GRAND RAPIDS, MI — Leading data ethicist and criminal justice consultant Renée Cummings is arriving in Grand Rapids next week for a public series to discuss how data can be biased.
She will speak about how the use of biased data, particularly in relation to technology, can influence systemic racism.
Disrupting Data Injustice is a week-long exploration of how the use of data can drive racial disparities in criminal justice and incarceration, education, employment, healthcare and other community systems.
The series, open to the public, begins Monday, November 14th and will run through Thursday, November 17th with events at various locations.
The initiative is being led by The Delta Project, Greater Grand Rapids NAACP, West Michigan Chapter of Public Relations Society of America, Grand Rapids Chamber of Commerce, Grand Valley State University and a consortium of technology companies, according to a press release on the Delta Project.
Cummings, a former journalist and public relations practitioner, is a professor of practice in data science and the first data ethicist in residence at the University of Virginia.
According to the press release, she studies the impact of algorithms and artificial intelligence on criminal justice, particularly in communities of color and incarcerated populations.
“Organizations need to develop a culture that is ethical, open and committed to issues of accountability, transparency and explainability,” Cummings said.
“We need to understand bias and discrimination and how to rethink and redefine our data. Wherever you are, you represent multiple communities with different facets – in your industry or profession, the groups you actively support, in your neighborhood, in schools and at home.”
“We need informed people on the front lines of where the action is happening, where the technology is being designed, developed and deployed, and where the debates are happening about how to do it ethically.”
Here is a list of Disrupting Data Injustice events open to the public:
- Monday, November 14: Grand Valley State University Disruptive Data Injustice: An Evening with Renée Cummings, 5-6:30 p.m. More information here.
- Tuesday, November 15: Grand Rapids Chamber of Commerce Rise Together: Diversity & Talent Summit – Keynote in the afternoon
- Thursday, November 17: West Michigan PRSA, How to Talk About What We Don’t Want to Talk About: Having conversations about racial injustice. 4-5:30 p.m. online and in person at the Grand Rapids Center for Community Transformation, 1530 Madison Avenue SE. Register here.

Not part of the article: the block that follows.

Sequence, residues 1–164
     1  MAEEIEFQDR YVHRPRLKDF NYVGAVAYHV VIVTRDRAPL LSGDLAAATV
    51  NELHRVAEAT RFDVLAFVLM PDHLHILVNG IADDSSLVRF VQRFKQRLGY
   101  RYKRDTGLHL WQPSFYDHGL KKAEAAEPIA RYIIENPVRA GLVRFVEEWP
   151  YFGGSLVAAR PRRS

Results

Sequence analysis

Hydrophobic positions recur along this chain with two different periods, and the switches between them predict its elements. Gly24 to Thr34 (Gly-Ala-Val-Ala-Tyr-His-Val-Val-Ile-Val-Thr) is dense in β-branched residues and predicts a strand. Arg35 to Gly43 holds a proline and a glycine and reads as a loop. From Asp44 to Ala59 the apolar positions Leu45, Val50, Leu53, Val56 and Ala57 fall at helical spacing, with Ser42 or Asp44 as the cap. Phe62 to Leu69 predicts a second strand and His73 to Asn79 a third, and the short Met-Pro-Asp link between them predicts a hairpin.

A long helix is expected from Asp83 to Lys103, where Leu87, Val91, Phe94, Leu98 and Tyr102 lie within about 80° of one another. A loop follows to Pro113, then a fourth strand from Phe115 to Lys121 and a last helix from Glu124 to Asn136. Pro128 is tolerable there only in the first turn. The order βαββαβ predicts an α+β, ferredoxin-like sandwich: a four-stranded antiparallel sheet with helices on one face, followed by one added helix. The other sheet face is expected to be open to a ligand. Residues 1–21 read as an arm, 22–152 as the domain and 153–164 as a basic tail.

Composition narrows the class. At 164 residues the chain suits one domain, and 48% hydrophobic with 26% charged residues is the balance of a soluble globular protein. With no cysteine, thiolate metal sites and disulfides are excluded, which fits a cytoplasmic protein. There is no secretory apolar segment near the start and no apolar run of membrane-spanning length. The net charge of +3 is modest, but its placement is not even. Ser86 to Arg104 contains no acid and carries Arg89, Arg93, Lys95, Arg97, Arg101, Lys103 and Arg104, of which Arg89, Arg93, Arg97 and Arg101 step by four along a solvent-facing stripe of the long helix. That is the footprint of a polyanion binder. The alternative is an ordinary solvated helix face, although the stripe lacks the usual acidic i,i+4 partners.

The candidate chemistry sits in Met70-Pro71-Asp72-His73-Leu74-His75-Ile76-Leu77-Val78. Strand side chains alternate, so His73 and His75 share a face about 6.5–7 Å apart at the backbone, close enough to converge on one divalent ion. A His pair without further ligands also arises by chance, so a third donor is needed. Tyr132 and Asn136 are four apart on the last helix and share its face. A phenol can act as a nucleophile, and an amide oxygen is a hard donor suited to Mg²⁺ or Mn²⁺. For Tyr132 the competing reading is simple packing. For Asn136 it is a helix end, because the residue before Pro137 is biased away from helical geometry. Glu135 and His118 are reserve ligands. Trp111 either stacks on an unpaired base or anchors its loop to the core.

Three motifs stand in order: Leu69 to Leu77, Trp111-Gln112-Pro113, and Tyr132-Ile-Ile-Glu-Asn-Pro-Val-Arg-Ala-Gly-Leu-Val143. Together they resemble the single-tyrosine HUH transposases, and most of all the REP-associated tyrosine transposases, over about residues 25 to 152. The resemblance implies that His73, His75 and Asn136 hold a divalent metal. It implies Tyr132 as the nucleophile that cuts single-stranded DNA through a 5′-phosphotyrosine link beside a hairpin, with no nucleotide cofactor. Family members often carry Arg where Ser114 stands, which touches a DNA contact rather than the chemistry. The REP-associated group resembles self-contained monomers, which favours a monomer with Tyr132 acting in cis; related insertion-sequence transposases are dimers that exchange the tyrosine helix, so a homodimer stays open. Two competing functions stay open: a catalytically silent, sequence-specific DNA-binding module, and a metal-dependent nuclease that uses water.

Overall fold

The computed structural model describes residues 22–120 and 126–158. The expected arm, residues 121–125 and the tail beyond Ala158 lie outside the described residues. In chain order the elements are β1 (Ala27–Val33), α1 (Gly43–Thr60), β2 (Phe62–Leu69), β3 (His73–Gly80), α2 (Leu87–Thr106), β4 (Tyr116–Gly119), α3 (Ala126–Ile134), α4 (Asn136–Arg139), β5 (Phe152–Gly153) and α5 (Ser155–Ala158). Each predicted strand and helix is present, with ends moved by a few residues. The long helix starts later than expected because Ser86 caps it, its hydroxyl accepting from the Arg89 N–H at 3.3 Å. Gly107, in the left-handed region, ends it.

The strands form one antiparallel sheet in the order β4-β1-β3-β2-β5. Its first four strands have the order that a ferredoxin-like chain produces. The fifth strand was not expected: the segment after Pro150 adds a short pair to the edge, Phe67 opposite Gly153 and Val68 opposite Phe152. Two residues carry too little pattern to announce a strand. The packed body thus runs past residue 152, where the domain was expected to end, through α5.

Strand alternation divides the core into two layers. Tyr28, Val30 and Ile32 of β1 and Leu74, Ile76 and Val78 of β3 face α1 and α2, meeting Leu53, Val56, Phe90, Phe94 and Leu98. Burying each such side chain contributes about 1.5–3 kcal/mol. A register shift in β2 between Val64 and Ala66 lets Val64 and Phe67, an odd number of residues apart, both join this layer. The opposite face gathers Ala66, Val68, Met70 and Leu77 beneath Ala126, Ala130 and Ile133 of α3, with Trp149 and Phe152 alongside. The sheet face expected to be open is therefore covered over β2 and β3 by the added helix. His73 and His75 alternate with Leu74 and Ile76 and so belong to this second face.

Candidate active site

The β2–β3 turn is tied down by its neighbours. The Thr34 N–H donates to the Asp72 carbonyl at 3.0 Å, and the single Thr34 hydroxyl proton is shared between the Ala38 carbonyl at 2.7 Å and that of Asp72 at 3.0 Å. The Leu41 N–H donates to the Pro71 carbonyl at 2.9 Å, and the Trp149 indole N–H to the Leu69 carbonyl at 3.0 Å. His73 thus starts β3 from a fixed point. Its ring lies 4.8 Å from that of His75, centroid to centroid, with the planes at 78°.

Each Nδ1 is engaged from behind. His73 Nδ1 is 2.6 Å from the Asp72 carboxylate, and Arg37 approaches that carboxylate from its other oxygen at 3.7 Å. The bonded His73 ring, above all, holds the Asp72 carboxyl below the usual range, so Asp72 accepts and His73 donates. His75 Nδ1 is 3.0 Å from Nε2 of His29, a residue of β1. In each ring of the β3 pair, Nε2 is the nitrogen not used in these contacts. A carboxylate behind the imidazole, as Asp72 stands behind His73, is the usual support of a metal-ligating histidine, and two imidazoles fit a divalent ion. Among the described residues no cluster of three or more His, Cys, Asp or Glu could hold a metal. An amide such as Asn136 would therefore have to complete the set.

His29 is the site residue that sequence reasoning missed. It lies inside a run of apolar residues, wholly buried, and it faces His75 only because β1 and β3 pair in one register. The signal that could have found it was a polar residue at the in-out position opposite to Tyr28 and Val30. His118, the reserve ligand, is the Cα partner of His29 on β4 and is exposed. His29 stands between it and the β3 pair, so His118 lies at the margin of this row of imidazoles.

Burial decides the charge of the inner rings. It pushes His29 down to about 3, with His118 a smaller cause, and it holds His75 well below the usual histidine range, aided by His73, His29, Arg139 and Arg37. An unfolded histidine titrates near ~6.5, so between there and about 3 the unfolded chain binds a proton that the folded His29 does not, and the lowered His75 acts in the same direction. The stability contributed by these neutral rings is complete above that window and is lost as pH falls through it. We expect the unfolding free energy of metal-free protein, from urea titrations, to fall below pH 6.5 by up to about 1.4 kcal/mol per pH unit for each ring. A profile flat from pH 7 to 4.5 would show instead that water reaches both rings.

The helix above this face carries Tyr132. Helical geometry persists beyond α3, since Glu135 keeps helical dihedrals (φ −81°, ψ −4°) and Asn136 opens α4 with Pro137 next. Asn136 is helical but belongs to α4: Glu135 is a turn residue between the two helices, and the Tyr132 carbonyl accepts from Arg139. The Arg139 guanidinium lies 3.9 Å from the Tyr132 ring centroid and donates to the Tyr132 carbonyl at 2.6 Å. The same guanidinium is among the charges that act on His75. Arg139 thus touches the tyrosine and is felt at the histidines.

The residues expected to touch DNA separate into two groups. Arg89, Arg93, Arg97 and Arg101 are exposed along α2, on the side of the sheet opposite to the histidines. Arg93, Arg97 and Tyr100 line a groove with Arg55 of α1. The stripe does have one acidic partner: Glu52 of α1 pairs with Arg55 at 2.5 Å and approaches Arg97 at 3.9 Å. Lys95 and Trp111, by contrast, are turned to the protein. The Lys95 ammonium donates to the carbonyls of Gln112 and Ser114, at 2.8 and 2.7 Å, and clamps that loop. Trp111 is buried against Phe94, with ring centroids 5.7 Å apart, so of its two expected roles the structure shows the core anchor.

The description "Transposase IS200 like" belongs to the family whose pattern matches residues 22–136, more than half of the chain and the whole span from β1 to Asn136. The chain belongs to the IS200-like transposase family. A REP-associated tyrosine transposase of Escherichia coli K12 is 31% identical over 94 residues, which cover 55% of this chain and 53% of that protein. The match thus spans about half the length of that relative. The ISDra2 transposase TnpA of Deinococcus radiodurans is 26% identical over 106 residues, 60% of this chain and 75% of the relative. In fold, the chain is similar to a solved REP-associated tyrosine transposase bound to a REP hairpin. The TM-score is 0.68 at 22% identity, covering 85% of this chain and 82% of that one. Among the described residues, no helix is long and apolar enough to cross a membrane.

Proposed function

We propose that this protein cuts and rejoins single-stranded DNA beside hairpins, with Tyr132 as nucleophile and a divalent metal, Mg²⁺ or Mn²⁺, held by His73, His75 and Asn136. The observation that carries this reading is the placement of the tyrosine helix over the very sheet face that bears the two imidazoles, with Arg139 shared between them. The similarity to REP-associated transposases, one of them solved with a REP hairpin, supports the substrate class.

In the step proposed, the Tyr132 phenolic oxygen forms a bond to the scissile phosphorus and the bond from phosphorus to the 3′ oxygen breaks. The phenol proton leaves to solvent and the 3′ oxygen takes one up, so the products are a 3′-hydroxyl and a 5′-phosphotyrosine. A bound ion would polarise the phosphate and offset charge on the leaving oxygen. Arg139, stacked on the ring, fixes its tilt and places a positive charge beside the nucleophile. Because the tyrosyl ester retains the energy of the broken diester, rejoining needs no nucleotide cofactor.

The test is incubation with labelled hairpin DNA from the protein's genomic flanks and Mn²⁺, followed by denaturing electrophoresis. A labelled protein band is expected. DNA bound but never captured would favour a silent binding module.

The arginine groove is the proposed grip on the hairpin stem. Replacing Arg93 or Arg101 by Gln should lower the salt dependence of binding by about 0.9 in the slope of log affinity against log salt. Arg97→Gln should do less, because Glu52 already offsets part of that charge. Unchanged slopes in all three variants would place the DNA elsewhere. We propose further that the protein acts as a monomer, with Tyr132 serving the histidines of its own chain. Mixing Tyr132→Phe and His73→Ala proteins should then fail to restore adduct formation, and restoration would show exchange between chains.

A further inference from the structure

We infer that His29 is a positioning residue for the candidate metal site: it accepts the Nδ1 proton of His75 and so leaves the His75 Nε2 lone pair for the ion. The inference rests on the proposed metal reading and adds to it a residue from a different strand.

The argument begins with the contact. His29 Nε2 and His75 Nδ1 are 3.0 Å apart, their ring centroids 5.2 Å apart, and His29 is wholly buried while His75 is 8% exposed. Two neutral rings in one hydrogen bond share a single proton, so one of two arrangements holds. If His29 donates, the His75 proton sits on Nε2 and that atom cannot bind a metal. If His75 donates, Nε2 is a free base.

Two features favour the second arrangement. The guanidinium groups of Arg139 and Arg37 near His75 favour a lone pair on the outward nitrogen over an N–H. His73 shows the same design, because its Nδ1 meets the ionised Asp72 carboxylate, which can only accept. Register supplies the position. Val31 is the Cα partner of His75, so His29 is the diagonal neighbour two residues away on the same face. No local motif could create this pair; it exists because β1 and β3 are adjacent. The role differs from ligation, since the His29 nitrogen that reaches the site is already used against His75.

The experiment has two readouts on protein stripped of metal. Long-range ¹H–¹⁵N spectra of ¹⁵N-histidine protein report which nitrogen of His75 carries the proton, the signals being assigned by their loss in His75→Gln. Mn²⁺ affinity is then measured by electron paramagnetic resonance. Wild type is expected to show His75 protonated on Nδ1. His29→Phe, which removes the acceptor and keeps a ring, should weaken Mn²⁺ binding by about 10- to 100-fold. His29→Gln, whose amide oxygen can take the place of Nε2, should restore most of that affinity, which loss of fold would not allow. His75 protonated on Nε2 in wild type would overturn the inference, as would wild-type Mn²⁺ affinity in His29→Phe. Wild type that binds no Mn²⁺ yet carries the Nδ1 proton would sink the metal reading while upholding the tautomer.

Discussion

The West Michigan chapter of the Public Relations Society of America’s signature event, Diversity Equity and Inclusion, will focus on how businesses and community organizations can decide when and how to address injustices. The event is particularly relevant as West Michigan is drawing national attention following the assassination of Patrick Lyoya, the press release said.
Cle Jackson, President of the Greater Grand Rapids NAACP, emphasized the importance of educating communities disproportionately affected by data corruption.
“When we talk about race and justice, we talk about how discrimination, policing, law enforcement and incarceration practices affect Black communities,” Jackson said in a statement. “Focusing on the role that data plays in this space can help ensure that the ethical use of data improves public safety and community well-being for all stakeholders.”
Joel Van Kuiken, WMPRSA member and co-founder of the Delta Project, had the vision for the week-long event involving Cummings, according to the press release. He said he’s grateful that Cummings is sharing her knowledge and perspective with the Grand Rapids community.
“Biased data has the potential to create an unfair future, and we won’t even realize that’s happening,” Van Kuiken said. “That’s why it’s important to start discussing what our future should look like now.”
The week-long exploration is sponsored by: The Wege Foundation, The Heart of West Michigan United Way, The Michigan Municipal League, Grand Valley State University College of Education and Community Innovation, Dorothy A. Johnson Center for Philanthropy, The Children’s Advocacy Center, The Grand Rapids Chamber of Commerce, Atomic Object, Carnevale and more, according to the press release.
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